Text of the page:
Top TEN #9 Spatial Disorientation
On July 16, 1999, John F. Kennedy Jr. and his wife Carolyn waited anxiously at Essex County Airport, New Jersey, for the arrival of Carolyn’s sister Lauren Bessette. A rising star at Morgan Stanley, Lauren was running late.
They had planned to leave at 6 PM but didn’t take off until 8:39, shortly after sunset.
John-John, as we fondly knew him, had obtained his pilot license the year before. Certified for visual flight, he had not completed the instrument training that enables pilots to fly when visibility is poor. As he had done previously, Kennedy would follow the lights below up the coast. But, to make up for lost time, he decided to fly a direct path for the last 50 km (30 mi) over the ocean to his destination at Martha’s Vineyard Airport. Inexperienced pilots are advised against this as it leaves the horizon as their only reference point. Presumably, Kennedy didn’t consider this and didn’t know that the moon’s low position that night would make the horizon faint.
Weather reports obtained before the flight indicated visibility that night of 4 to 10 miles. There was no mention of the haze that would roll in from the ocean, envelop Kennedy’s plane, and rob him of sight. An hour into his flight and minutes away from his destination John-John found himself locked in a nightmare of spatial disorientation. He realized his plane was out of control, but he lacked the experience to put mind over the tricks played by his senses. At 9:41 PM, John-John’s plane crashed nose-first into the ocean killing himself, his wife, and his sister-in-law.
It’s a tragic story and another sad chapter in the history of the Kennedy family. It also stands out as a reminder of a valuable lesson in life and business.
Spatial disorientation, in a broader context, is when we act differently than we know we should. We give into uncertainty and fall back on bad habits. The easy way is the one we’re most familiar with even though it’s not likely to produce the results we want. We’ve been down this path before, but tell ourselves it will be different this time. At least, that’s what we want to trick ourselves into believing. But it isn’t different. It’s simply the repeat of a past mistake; maybe one that has been committed many times.
How do we break away from this illusion and find a better course for ourselves and our business?
Caught in suspended life between COVID-19 and normalcy, now is a great time to remake ourselves. A possible answer (and one I’m testing too) is OKR.
Objectives and Key Results (OKR)
From the perspective of OKR (Objectives and Key Results), we tend to aim low. Modeled by Intel’s Andy Grove (originally in Hungarian Graf András), OKR maintains that to achieve meaningful goals, we have to set big ones. Teams that were making all their goals were a sort of failure in Grove’s mind because they weren’t reaching far enough.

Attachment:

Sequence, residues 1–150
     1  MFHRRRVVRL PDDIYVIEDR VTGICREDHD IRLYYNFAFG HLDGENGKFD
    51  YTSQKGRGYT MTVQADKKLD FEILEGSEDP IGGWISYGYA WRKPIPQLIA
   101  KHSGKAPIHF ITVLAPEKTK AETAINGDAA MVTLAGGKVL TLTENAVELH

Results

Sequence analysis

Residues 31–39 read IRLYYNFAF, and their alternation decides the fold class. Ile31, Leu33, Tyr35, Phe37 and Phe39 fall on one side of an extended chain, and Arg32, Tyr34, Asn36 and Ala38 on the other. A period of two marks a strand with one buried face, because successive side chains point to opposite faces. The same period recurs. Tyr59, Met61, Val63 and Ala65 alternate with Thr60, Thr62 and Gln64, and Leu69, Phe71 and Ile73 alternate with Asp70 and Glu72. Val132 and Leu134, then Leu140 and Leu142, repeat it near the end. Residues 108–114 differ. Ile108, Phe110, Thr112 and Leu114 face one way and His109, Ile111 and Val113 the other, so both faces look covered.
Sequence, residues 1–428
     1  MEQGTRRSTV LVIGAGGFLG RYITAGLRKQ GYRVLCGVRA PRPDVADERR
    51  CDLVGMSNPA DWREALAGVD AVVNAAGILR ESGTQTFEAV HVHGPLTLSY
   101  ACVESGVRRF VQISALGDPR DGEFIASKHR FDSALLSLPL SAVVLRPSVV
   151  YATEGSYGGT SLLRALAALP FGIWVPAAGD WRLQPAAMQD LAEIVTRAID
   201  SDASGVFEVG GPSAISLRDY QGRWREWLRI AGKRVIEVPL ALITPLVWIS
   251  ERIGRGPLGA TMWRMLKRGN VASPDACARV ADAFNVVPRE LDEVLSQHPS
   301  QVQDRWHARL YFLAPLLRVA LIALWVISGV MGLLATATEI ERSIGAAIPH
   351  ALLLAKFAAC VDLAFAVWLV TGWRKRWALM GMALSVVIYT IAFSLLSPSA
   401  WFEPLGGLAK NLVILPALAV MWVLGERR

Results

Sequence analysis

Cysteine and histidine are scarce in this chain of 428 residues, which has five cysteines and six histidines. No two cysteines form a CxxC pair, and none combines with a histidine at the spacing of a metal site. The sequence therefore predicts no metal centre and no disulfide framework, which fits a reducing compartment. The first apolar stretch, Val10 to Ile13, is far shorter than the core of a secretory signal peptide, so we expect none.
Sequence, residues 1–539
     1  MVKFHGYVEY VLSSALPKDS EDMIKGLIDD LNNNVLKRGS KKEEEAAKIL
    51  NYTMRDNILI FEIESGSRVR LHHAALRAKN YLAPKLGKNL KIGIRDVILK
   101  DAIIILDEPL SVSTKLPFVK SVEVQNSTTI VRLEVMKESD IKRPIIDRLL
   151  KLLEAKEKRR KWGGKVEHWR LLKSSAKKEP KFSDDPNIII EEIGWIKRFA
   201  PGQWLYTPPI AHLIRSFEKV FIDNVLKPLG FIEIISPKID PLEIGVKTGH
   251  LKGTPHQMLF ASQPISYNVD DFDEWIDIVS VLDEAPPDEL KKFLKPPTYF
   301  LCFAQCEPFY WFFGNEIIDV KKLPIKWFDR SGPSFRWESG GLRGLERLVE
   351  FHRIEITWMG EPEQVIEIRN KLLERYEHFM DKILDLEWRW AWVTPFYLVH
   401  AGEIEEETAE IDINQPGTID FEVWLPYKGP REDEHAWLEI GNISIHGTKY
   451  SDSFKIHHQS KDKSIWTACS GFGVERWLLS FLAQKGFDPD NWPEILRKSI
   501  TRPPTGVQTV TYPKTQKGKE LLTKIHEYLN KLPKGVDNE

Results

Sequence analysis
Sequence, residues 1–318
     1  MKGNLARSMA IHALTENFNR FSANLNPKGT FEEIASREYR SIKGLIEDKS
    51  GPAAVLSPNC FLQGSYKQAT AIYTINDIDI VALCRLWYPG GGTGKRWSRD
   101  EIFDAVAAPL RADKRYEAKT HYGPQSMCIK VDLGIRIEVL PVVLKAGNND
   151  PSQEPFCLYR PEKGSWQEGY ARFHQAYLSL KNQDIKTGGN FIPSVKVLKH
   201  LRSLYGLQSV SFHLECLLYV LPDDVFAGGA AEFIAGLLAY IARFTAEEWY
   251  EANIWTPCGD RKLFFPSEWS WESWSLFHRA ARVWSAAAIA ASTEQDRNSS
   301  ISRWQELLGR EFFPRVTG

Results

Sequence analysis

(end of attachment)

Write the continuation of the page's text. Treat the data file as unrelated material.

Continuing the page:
Grove thought like John-John’s father, President John F. Kennedy, who explained that the US was going to the moon “not because it’s easy but because it’s hard.” Called the Moonshot Goal, Kennedy’s plan was outlandish, but it worked.
Entrepreneurs like Andy Grove, Steve Jobs, Bill Gates, Elon Musk (and hundreds of others) succeeded not because of their strategic thinking but because of their outlandishness. They set ridiculous goals and often don’t make them. But this doesn’t matter when they’re consistently outperforming their competitors.
During his time at Intel, where his career began, legendary venture capitalist John Doerr was trained in OKR by Grove. Years later, Doerr would introduce OKR to the two young Google founders, Page and Brin. Their Objective: “Build the simplest search engine in the world.” And a Key Result: “Reach 1 million searches per day.” Google continues to use OKR.
OKR is a model for defining our Objective, specifying Key Results needed to meet that Objective, and creating Initiatives to act on achieving the key results. It’s primarily a tool for business, but OKR can also be applied to personal goals, as excellently detailed in this article: How to set your Personal OKRs and stick to them.
Strategic Execution Provider – Perdoo
According to the strategic execution provider, Perdoo, “OKRs provide the missing link between ambition and reality. They help you break out of the status quo and take you into new, often unknown territory. If you have a big dream – an inspiring vision – for your company, you need OKRs that take you there. OKRs symbolize ambition.”*
OKR encourages us to dream but then explains how to make that dream possible by detailing the steps needed to reach it.
Hostages to quarantine, many of us may be experiencing a degree of spatial disorientation. I am. OKR is the instrument panel that can guide us to where we want to go. Think about it. Maybe apply it. There’s likely not a better time than now.